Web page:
Mike Tinney, the former president of online games company CCP Games North America, is in the midst of launching a new startup, Fitness Interactive Experience.
The Atlanta-based company will launch its first fitness “gamification” title, UtiliFit, in a closed beta test in December and then it will start an open beta in January, Tinney said in an interview with GamesBeat.The title is part of a trend toward gamification, or using video game mechanics to motivate people to accomplish goals in non-game activities.
Advisors on the project include Time Church, a national expert on exercise and preventative medicine; Reynir Hardarsson – founder of CCP; and Monte Cook, a well-known game designer.
“They’ve signed on to help the company get its product started,” said Tinney, who started the company in March. “There is a huge opportunity in digital fitness to bring more gaming into it. It’s all about creating and maintaining healthy habits. So you can control what you are eating better and increase your physical activity.”
He added, “When you align your activity against goals, and do them time and time again, then you can achieve those goals. How quickly you achieve them depends on consistency and quality with which you do it. Video games have a unique intersection with that because they’re a very addictive activity. We’re trying to get people to do a mundane task again and again. Combining those two can be a game changer.”
The first game will be an activity-based game that helps people be less sedentary. It will encourage you to take small steps toward being more active. It will score you based on how well you do and rank you competitively against your friends, if you wish. You can also cooperate with your friends. It’s like a massively multiplayer online game meets cross-fit training, he said.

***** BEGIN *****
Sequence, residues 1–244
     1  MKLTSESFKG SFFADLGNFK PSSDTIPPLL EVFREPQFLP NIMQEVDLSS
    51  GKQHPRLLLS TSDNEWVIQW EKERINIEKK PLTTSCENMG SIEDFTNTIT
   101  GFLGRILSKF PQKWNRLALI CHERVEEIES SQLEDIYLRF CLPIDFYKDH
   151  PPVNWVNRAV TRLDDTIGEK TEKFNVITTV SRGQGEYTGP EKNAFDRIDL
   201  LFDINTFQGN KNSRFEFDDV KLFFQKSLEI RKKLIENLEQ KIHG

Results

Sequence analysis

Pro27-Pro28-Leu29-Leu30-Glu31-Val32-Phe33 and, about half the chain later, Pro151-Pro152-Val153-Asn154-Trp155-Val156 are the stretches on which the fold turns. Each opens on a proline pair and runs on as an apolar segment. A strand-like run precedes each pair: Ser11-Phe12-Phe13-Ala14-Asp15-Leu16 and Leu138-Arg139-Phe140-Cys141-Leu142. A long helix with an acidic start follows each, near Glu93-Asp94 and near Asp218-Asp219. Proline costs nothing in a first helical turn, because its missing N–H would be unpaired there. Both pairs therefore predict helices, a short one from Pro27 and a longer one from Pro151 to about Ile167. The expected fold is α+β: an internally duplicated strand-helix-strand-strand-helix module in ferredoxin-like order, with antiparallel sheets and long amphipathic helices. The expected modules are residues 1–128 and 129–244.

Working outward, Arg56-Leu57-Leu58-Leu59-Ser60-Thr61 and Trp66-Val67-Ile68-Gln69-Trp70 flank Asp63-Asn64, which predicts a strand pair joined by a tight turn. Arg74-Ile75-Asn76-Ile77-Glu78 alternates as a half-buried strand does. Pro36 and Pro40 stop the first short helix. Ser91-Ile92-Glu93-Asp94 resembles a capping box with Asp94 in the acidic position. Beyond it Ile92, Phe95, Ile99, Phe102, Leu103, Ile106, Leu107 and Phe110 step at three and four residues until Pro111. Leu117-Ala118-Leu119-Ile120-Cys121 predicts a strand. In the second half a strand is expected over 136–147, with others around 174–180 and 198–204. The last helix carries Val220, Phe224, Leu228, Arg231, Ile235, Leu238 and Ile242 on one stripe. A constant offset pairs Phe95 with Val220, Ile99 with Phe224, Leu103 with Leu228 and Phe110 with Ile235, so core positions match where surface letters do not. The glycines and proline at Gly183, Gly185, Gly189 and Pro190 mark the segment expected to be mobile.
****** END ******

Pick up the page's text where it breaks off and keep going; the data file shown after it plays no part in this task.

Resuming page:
The company is targeting both gamers and non-gamers. The U.S. Department of Health recommends that people exercise 30 minutes a day five days a week. Only 3 percent of Americans actually do that.
“It’s a disturbing number of people who don’t do exercise,” he said. “We are making this app more accessible, and we are not limiting it to gamers. We’re seeing early traction in casual fitness and in the corporate wellness market.”
Tinney has a small team working so far, with three full-time employees and eight part-time. He is in the midst of raising money. The game will target web browsers via HTML5, the lingua franca for the web. Rivals include Striiv, Nike, and a number of other fitness gaming and exercise-tracking companies.
“We want to keep the barrier to entry as low as possible,” he said. “We’re trying to focus a lot more on game design.”
Tinney left CCP, publisher of Eve Online, earlier this year. Tinney has been directly involved in board and online gaming since 1993, when he was part of White Wolf Publishing. He managed White Wolf’s publishing and trading card game business. Iceland-based CCP Games (publisher of Eve Online) bought that company in 2006, and Tinney became the head of the company’s North American operations as well as some of CCP’s global operations.
This article originally appeared on VentureBeat